Category Archives: Valuable Information

Foodie Friday

Most every weekend (or at least once a week) my wife and I, or the whole family goes out to eat.  We both also like to cook and experiment with new recipes and culinary delights.  Some of these are quick and easy meals when we are rushed.  Others, are more elaborate.

First the review of places we dined at last week.  Disclaimer, this was a heavy week due to our 17 year anniversary (yay for us!).pexels-photo-323682.jpeg

Last weekend we hit a home run with 4 different spots.  My wife and I started at Magpie, one of our favorites… only good experiences there, from the food, to the staff and drinks.  We’ve been going there since it was a catering spot on R St.  One time we sat at the bar mesmerized by the wall of interesting liquors.  My wife said aloud, “I wonder what the difference is between those two gins?”  magpieNext things we knew the bar tender served us two complimentary gimlets with those two gins, to compare and contrast!  When has that happened to you?  We love the steak tar-tare, as well as the clams and fries.  This time we also tried the special, which consisted of thick pasta noodles and foraged mushrooms from some local dude that picks them after it rains and sells them to local eateries.  I know, sounds kind of sketchy… we had to try it.  The mushrooms were like eating a steak… translation = delish!

Since it was 2nd Saturday, we hit the Arthouse to catch some local art and meet up with some friends.  Of course we had to pop in to The Fox and Goose for a quickie, or as my friend John said, “We need to wet the whistle before viewing the art.”  Always a great brunch joint too – can anyone say, “Ollalieberry scones with crème fresh!”  I think we stopped going there so much only because the line is usually out the door and I can’t stand a hundred cranky people standing around staring at their phone (call me a curmudgeon, I don’t’ care and stay off my grass ya rotten kids!).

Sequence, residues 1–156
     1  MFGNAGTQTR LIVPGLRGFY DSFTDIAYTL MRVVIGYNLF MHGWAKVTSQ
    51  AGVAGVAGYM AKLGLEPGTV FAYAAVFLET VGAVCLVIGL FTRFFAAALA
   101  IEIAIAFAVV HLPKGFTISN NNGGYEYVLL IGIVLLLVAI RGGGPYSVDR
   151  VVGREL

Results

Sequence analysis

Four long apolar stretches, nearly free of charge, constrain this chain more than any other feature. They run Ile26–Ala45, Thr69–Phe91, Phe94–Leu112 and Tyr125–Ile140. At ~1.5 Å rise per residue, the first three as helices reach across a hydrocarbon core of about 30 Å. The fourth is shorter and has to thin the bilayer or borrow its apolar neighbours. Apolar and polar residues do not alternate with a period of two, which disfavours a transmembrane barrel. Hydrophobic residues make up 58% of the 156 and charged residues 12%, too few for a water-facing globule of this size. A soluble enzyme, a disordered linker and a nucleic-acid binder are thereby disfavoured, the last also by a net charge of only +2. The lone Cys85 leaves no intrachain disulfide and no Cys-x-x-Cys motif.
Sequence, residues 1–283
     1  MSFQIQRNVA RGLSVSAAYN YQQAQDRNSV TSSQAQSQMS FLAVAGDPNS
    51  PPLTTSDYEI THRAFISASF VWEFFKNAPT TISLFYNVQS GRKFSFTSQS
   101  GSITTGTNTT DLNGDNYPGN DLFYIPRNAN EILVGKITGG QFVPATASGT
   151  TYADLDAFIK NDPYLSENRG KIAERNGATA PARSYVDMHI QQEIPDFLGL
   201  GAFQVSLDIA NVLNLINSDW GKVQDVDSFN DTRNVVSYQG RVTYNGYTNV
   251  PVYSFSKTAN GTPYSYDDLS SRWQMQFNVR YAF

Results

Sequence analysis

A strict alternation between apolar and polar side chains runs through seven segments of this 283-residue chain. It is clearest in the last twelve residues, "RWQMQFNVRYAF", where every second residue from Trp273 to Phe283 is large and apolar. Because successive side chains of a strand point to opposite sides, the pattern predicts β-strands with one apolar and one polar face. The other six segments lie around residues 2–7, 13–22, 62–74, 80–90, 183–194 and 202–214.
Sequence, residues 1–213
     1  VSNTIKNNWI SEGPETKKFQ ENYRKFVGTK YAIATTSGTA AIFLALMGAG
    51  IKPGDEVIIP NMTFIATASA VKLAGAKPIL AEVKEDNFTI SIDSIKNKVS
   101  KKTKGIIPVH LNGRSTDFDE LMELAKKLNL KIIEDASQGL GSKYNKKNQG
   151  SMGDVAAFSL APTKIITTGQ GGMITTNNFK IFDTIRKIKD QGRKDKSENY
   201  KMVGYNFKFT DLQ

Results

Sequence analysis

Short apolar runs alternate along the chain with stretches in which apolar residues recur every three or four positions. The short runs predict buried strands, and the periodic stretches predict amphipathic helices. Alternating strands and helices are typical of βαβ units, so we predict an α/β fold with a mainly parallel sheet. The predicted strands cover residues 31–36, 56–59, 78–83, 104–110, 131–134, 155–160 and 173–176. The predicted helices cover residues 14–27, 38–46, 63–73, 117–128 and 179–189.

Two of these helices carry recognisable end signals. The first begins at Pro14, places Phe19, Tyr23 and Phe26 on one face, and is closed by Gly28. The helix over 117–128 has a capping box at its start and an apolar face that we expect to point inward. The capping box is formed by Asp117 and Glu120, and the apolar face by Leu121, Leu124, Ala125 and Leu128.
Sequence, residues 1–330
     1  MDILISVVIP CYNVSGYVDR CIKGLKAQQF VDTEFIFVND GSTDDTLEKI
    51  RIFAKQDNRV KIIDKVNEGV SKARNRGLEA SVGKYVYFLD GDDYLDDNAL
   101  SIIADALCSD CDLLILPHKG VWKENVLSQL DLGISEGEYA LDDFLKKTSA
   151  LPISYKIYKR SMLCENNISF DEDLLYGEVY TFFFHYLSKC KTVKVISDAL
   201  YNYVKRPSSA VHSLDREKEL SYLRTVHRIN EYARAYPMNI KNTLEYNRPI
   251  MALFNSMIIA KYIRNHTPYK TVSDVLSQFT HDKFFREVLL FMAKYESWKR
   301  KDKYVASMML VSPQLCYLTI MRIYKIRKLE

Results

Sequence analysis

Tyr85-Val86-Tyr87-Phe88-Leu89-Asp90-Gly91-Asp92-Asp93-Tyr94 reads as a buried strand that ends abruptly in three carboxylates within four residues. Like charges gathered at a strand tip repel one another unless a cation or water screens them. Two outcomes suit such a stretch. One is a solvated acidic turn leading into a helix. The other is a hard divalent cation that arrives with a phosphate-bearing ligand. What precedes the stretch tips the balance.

After viewing art, we almost landed at Bottles and Barlow… huge crowd, so we kept walking, but first enjoyed a rambunctious New Orleans style marching band out front.  B and B is known for cutting hair and serving drinks in the day time – another great hipster invention.  And since I do my own hair…well… it’s one advantage of being bald.

Hot Italian was the next stop for a little appetizer and libation.  We’ve been there multiple times, and it just seems to be losing its novelty and luster– does anyone else agree?  Nothing is really bad about the place, in fact, I love their brick oven pizza.  The server must have been new, I give her grace… pexels-photo-240222.jpegI was once a server too.  The bar tender was way too cool to be bothered by my questions, but still managed to make me a Boulevardier – similar drink to my friend’s home spun Manhattan with Aperol, but made with Campari.  Or he said it’s a Negroni with whiskey.  At least that’s what I gathered – definitely do your own homework on this one.  As 10pm rolled around, they started putting chairs on the tables and looking at their watches.  Um, isn’t it Saturday night?!?!  Another bad sign for Hot Italian… getting colder by the minute.  You know when they say, “Take your time…” yet ask you to lift your feet as they sweep the floor, it’s time to bounce!